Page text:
Trope Talk: Hate-to-Love

When asked about favorite tropes, the one that seems to come to most people’s minds first is the hate-to-love trope. While I love me some good angst, this isn’t a trope that usually makes my list. I think it’s because I don’t always like how it’s handled. Essentially, there’s Good Hate-to-Love and there’s Oh-No-This-Is-Borderline-Abuse Hate-to-Love. Today, I’d like to discuss with you the difference.

Characters who originally hate each other but grow to love each other can make some of the best ships. However, there’s a fine line between healthy and unhealthy when it comes to the realization of these ships. It all boils down to one thing: power imbalance. If there is any sort of power imbalance, the relationship is not going to be healthy. One half of the relationship is automatically at a disadvantage.

In real life, we often consider things like age gaps and differing social or professional statuses power imbalances. While this can be the case in fiction, it doesn’t always constitute a problem (nor does it always in real life). The problem comes in when we consider how these characters treat each other. Is the character with arguably more power using that power in order to hurt the other in some way? Are they, essentially, just bullying and abusing the character with which they’re meant to fall in love? How much does the other character fight back and do their rebuttals carry as much weight? Do this feel like genuine competition in some way or does it just feel mean?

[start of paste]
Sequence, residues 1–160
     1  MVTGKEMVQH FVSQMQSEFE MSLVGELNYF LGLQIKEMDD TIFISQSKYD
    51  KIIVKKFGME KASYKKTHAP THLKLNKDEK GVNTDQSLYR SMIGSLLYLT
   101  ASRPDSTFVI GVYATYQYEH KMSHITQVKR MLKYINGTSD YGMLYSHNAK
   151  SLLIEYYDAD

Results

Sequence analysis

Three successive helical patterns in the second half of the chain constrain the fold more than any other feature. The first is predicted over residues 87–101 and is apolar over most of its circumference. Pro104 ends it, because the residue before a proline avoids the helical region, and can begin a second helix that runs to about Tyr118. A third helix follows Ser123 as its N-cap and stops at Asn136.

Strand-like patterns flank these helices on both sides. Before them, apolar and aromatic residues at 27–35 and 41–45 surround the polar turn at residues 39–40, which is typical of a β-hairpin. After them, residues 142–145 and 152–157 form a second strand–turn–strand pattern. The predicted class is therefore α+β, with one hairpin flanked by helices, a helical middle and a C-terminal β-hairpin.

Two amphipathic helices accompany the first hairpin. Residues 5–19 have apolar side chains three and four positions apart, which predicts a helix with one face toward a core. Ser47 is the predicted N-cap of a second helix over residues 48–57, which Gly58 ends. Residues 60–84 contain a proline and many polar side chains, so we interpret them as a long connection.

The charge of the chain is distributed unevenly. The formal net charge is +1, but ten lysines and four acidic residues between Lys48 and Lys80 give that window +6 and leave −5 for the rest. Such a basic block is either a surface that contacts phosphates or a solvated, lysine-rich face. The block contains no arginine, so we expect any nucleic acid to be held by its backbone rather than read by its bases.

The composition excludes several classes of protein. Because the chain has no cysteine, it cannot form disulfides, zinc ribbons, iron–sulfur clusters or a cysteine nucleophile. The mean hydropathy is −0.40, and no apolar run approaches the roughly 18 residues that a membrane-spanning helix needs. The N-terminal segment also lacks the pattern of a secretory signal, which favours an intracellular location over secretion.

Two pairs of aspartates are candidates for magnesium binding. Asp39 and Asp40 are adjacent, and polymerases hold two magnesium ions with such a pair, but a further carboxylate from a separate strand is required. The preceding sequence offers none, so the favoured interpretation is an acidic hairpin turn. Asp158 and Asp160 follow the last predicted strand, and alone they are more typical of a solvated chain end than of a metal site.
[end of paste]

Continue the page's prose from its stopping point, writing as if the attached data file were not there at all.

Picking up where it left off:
These are the questions you have to ask when considering why some hate-to-love ships work, while others don’t. Let’s illustrate this using two of the most popular ships from Harry Potter: Dramione (Draco and Hermione) and Drarry (Draco and Harry). Both are examples of the hate-to-love trope; however, one uses the trope well and the other one most decidedly does not.

Let’s begin with Dramione.

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We have Draco Malfoy, proud pureblood and known bully, and Hermione Granger, proud Muggleborn and known bookworm. Based solely off these descriptions, it would be easy to say they could actually work together. But then you remember the fact that one of Draco’s main victims is Hermione. And it’s because she’s Muggleborn and therefore “less-than.” He spews vitriolic prejudice against Hermione and other Muggleborns, going so far as to call her a slur. And how does Hermione respond? Well, she usually doesn’t. In fact, a lot of times she’s (understandably) reduced to tears. Due to Draco’s bullying, it takes Hermione years to be proud of her heritage.